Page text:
Matthew graduated in Immunology from Brown University, USA, in 2012. He then obtained his PhD at Duke University, USA in 2018, where he studied the effector functions of antibodies against HIV-1. He continued his work as a postdoctoral fellow at the Singapore Immunology Network (SIgN), A*STAR, where he continued research work on antibodies, malaria, and subsequently SARS-CoV-2. In 2020, he moved from SIgN to the newly founded A*STAR Infectious Diseases Labs (A*STAR ID Labs). 

Research Focus 

Antibodies are an important component of immune protection against infectious disease. Our research investigates the antimicrobial functions of antibodies, for instance virus neutralization. Evaluating antibodies for these antimicrobial functions helps optimize the effectiveness of antibody-based diagnostics and therapeutics against current and emerging pathogens. For each antibody, we also relate its antimicrobial functions to its mode of interaction with its target, including its interaction structure and binding epitope. Such studies identify the epitopes targeted for protective immunity, which provides leads into which epitope targets are important to include for an effective vaccine. 

Antimicrobial function-based identification of antibodies
Pathogens express surface antigens that can be targeted by antibodies. Most antibody discovery approaches utilize recombinant soluble versions of these antigens, and sift for antibody candidates that can bind well to them. However, empirical data has shown that the best binders are not necessarily the most effective antibodies. We are developing a microfluidic process capable of identifying antibodies based directly on their antimicrobial functions, such as virus neutralization or bacterial opsonophagocytosis. This will broaden the spectrum of effective antibodies developed against a given pathogen target, which may increase the overall effectiveness of antibody candidates. Furthermore, this process can uncover novel antigens or epitopes on the pathogen that are effectively targeted by protective antibodies. Such novel epitopes represent potential vaccine candidates. We are currently using this approach against Chikungunya virus, a vector-borne disease which regularly causes outbreaks that infect thousands to millions of people globally.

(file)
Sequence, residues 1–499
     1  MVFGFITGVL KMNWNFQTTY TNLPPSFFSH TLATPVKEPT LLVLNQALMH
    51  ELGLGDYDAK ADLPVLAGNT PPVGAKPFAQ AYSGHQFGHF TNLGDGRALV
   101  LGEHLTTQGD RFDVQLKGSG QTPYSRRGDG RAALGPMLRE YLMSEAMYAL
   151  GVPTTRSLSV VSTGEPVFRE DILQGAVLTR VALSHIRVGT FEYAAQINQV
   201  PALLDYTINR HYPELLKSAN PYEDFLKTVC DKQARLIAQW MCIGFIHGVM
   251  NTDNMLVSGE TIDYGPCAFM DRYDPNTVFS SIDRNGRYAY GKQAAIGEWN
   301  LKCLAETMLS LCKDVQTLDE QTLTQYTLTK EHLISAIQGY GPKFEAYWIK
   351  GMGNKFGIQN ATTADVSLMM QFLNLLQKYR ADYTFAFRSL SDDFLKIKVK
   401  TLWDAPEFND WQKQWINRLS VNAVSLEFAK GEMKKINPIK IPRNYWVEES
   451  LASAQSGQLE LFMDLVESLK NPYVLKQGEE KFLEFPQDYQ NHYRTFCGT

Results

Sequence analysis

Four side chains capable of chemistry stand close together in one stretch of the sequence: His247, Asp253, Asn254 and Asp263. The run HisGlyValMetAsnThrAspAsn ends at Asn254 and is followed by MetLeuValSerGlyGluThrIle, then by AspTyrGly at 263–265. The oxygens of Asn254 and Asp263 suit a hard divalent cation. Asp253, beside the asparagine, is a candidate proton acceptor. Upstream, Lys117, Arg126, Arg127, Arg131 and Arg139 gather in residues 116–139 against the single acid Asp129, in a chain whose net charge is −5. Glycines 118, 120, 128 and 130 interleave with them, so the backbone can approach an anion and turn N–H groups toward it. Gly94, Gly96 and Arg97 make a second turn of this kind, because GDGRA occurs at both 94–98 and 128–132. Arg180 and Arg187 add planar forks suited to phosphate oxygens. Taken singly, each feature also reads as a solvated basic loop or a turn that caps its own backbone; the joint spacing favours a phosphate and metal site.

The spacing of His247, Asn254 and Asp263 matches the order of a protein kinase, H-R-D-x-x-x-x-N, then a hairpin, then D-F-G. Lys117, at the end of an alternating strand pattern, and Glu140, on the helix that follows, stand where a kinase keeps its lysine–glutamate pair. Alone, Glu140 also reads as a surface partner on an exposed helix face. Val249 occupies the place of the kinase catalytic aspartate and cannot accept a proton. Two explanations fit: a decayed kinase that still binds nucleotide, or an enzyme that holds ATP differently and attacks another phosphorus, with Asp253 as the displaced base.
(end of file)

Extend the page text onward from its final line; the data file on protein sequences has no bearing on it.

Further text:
Pandemic preparedness and response
Antibodies can be developed rapidly for both diagnostic and therapeutic use against emergent infectious diseases, as has been prominently demonstrated in the global response to the COVID-19 pandemic. Our ongoing studies include investigation into the functions of antibodies against immunodominant linear epitopes of SARS-CoV-2. These studies will inform SARS-CoV-2 vaccine development and evaluation. Future work for pandemic preparedness includes the generation of a suite of reporter cells and pseudovirus vectors that can be used for rapid identification of functional antibodies against new pandemic threats. Notably, this approach circumvents the use of a soluble recombinant antigen. This saves valuable time and increases our response speed since it is often difficult to synthesize such an antigen accurately.

Antibody mechanisms against multi-drug resistant pathogens
Antimicrobial resistance is a major emerging threat – a 2019 UN report indicated that drug-resistant diseases already cause 700,000 deaths globally a year, a figure that could increase to 10 million deaths per year by 2050, surpassing cancer to be the top killer globally, if no action is taken. Antibodies are well suited to overcome antimicrobial resistance due to the diversity of their modes of binding and antimicrobial action. Our research aims to discover the binding modes and mechanisms of effective antibody action against common multi-drug resistant pathogens, notably the ESKAPE pathogens. This will facilitate the development of effective antibodies that may be used as adjunct therapies against multi-drug resistant pathogens. 

Full publication list can be found on Google Scholar.
More information on Matthew’s laboratory -

Postdocs (PhD)Research Officers PhD/Undergraduate Students 
Nicholas LINYuling HUANG

Ajayanandan YADUNANDAN
 Sooriya SELVAM